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Wednesday, January 10, 2007

Just as we suspected. (No wonder my house is cluttered)

The Ideological Animal
Psychology Today

Most people are surprised to learn that there are real, stable differences in personality between conservatives and liberals—not just different views or values, but underlying differences in temperament. Psychologists John Jost of New York University, Dana Carney of Harvard, and Sam Gosling of the University of Texas have demonstrated that conservatives and liberals boast markedly different home and office decor. Liberals are messier than conservatives, their rooms have more clutter and more color, and they tend to have more travel documents, maps of other countries, and flags from around the world. Conservatives are neater, and their rooms are cleaner, better organized, more brightly lit, and more conventional. Liberals have more books, and their books cover a greater variety of topics. And that's just a start. Multiple studies find that liberals are more optimistic. Conservatives are more likely to be religious. Liberals are more likely to like classical music and jazz, conservatives, country music. Liberals are more likely to enjoy abstract art. Conservative men are more likely than liberal men to prefer conventional forms of entertainment like TV and talk radio. Liberal men like romantic comedies more than conservative men. Liberal women are more likely than conservative women to enjoy books, poetry, writing in a diary, acting, and playing musical instruments.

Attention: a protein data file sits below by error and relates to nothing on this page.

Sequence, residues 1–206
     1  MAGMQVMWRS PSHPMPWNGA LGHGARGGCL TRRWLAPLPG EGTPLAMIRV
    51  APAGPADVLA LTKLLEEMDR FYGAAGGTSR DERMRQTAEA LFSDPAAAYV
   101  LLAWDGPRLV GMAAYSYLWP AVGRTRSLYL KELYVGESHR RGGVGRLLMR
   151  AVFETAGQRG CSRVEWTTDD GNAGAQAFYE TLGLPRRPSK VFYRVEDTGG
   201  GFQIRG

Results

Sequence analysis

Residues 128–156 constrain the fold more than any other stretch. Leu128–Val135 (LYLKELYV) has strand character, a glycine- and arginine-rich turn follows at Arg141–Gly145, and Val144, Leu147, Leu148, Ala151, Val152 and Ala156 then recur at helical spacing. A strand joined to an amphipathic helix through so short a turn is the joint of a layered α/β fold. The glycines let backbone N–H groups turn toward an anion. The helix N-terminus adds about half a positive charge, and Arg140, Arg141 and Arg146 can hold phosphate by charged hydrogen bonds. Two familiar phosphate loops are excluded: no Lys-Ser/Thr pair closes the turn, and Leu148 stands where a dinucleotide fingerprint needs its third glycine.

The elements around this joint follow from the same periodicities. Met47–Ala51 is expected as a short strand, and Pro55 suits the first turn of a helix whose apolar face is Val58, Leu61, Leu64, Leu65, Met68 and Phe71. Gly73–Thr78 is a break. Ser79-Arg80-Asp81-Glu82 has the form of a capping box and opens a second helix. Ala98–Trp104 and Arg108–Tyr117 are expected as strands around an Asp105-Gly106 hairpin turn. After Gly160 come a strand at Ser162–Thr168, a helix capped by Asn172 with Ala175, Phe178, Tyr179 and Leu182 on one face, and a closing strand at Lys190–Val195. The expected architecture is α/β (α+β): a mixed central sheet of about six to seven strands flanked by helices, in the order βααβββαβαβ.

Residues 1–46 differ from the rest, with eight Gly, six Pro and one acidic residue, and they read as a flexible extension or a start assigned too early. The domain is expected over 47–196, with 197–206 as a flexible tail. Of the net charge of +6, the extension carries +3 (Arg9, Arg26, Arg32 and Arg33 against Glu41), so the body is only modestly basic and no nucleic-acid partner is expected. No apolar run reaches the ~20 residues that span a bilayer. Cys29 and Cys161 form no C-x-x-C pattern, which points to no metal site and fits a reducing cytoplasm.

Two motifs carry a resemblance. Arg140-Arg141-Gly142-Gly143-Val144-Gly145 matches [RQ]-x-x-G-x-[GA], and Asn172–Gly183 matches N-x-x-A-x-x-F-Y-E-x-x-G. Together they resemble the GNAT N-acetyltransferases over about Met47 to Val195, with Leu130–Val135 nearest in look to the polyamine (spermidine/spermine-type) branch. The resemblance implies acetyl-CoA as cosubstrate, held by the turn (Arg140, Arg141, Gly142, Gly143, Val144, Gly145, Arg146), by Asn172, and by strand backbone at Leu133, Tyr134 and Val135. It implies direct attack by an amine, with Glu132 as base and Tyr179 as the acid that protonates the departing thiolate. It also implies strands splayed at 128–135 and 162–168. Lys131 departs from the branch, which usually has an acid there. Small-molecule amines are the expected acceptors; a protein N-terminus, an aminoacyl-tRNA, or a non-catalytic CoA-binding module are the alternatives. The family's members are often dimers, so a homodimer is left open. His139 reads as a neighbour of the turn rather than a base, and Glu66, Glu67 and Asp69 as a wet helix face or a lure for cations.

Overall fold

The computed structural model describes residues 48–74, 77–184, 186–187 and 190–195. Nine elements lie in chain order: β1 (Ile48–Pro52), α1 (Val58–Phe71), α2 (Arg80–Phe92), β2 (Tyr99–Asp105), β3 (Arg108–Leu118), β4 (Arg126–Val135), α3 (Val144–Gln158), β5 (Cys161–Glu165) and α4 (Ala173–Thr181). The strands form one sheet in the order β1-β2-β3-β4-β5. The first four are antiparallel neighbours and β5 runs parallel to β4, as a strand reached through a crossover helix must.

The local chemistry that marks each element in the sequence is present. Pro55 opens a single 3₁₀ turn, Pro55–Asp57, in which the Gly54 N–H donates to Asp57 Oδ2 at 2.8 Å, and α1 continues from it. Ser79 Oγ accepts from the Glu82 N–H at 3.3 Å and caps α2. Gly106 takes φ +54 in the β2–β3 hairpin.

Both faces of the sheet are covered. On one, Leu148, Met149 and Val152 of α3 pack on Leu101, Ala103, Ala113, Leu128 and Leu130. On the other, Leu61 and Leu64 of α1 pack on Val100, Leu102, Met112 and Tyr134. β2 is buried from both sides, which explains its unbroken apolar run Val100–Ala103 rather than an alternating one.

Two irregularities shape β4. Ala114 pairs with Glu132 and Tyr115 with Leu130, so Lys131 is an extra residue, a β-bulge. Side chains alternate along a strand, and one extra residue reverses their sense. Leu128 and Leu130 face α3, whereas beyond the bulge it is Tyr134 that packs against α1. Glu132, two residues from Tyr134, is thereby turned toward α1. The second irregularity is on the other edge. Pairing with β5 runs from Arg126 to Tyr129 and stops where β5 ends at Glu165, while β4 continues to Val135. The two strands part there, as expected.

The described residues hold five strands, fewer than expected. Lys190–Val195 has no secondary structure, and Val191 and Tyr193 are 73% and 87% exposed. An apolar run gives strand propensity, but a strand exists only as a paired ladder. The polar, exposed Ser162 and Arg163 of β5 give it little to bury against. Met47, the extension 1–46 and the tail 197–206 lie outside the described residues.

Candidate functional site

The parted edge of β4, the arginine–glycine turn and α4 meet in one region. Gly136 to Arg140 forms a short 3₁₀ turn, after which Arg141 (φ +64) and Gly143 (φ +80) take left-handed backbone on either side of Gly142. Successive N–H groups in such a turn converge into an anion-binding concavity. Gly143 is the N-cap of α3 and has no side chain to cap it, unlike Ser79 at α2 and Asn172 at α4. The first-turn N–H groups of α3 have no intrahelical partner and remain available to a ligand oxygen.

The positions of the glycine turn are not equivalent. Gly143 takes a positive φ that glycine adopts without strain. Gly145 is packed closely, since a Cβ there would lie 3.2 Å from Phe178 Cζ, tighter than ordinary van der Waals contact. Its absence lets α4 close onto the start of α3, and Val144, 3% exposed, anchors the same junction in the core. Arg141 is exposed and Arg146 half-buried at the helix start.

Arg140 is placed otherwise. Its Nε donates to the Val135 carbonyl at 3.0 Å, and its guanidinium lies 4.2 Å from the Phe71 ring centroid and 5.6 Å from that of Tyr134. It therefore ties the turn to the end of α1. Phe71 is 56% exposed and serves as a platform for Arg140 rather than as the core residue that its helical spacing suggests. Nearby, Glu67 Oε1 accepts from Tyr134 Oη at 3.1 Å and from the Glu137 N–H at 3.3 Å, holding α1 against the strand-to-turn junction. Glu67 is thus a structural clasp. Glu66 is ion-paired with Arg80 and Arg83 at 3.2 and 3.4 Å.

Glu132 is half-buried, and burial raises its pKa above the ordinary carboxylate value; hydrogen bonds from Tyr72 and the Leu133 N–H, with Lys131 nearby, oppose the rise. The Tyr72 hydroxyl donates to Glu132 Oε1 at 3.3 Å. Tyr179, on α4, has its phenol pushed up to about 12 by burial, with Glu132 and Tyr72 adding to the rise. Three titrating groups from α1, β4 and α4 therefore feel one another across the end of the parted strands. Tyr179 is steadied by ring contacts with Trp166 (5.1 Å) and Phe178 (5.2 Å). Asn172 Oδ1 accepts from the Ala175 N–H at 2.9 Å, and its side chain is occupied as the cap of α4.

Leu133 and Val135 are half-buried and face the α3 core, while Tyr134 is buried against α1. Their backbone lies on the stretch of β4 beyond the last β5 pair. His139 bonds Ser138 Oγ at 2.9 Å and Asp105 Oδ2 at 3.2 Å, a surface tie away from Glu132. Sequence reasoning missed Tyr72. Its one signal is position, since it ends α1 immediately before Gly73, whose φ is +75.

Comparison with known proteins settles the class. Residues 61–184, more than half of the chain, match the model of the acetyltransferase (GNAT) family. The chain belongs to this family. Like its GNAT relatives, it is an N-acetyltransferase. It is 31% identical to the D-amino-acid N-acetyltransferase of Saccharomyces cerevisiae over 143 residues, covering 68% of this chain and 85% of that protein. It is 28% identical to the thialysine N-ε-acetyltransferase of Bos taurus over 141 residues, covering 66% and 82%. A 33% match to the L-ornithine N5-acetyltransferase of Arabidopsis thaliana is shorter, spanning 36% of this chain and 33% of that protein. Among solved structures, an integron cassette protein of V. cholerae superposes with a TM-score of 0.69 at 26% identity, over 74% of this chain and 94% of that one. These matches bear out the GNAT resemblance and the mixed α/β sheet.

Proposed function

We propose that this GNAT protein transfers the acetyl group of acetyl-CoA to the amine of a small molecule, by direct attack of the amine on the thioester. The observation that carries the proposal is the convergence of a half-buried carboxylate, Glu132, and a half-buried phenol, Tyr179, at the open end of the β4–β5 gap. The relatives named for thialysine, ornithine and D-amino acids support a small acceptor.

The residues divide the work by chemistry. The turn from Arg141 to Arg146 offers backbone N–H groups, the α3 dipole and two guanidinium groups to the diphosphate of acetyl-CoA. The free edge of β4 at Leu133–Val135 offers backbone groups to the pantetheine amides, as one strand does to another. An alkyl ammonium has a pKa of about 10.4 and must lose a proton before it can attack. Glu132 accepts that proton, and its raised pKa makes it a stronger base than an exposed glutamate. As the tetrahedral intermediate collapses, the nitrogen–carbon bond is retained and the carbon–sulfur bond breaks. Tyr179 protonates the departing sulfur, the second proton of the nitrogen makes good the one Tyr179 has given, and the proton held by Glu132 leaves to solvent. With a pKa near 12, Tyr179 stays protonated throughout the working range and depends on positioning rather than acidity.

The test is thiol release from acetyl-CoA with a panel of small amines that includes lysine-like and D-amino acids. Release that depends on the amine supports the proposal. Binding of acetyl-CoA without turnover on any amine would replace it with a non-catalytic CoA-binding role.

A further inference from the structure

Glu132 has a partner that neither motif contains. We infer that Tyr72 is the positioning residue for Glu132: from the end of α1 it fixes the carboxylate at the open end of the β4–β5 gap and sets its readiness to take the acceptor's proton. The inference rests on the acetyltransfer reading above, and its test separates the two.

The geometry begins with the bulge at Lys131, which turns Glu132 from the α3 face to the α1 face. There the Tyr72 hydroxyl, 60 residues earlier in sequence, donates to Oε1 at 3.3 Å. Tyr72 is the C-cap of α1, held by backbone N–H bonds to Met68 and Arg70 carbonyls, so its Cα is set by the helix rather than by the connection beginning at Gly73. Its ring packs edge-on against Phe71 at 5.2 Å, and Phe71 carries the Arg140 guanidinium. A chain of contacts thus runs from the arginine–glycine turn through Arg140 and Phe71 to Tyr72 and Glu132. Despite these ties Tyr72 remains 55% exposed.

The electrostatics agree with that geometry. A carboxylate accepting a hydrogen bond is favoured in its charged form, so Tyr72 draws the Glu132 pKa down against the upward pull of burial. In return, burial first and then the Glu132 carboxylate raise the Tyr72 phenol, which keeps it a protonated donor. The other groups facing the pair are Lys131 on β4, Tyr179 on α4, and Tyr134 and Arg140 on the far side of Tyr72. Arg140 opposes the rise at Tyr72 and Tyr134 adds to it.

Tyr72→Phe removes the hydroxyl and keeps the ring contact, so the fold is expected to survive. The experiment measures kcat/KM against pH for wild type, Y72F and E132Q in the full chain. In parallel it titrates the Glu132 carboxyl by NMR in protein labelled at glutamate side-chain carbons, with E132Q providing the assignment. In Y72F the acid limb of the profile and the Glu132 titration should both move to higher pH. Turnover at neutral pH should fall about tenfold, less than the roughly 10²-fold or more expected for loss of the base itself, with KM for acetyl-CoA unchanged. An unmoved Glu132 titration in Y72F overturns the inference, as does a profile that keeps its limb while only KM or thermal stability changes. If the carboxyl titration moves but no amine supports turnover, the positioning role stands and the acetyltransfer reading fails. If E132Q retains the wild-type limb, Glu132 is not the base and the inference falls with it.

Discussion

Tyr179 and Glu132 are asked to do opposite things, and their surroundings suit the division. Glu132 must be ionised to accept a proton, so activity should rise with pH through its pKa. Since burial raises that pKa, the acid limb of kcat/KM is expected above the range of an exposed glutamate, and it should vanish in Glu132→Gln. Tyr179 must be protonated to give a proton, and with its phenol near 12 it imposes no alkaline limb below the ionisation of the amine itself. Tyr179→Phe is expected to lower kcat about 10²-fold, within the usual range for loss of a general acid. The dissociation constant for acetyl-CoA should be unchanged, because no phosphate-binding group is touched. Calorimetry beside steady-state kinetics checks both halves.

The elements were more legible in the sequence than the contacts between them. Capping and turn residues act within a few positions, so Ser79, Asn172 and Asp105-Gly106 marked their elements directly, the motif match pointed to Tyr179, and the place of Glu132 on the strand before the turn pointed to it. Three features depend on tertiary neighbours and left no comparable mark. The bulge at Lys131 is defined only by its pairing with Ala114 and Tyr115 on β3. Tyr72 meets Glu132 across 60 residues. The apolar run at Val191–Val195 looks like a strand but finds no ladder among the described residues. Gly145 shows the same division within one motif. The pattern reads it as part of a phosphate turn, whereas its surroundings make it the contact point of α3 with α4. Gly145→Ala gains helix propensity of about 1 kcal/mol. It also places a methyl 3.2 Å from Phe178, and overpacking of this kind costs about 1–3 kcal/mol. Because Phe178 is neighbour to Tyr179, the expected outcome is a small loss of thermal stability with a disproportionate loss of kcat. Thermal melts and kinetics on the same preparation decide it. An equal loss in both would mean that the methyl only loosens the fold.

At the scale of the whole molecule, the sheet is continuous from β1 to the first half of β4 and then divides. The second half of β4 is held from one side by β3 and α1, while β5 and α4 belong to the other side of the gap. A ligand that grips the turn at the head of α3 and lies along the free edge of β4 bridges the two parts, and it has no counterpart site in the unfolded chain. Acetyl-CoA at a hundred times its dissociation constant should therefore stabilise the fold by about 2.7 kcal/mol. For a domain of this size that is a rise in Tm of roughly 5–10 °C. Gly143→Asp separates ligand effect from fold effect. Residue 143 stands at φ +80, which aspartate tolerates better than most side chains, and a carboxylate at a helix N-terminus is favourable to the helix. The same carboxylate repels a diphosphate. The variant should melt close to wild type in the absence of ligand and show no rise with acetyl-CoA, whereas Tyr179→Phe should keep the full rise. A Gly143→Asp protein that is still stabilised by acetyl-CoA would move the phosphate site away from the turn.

Twenty years later, they decided to compare the subjects' childhood personalities with their political preferences as adults. They found arresting patterns. As kids, liberals had developed close relationships with peers and were rated by their teachers as self-reliant, energetic, impulsive, and resilient. People who were conservative at age 23 had been described by their teachers as easily victimized, easily offended, indecisive, fearful, rigid, inhibited, and vulnerable at age 3. The reason for the difference, the Blocks hypothesized, was that insecure kids most needed the reassurance of tradition and authority, and they found it in conservative politics.

The most comprehensive review of personality and political orientation to date is a 2003 meta-analysis of 88 prior studies involving 22,000 participants. The researchers—John Jost of NYU, Arie Kruglanski of the University of Maryland, and Jack Glaser and Frank Sulloway of Berkeley—found that conservatives have a greater desire to reach a decision quickly and stick to it, and are higher on conscientiousness, which includes neatness, orderliness, duty, and rule-following. Liberals are higher on openness, which includes intellectual curiosity, excitement-seeking, novelty, creativity for its own sake, and a craving for stimulation like travel, color, art, music, and literature.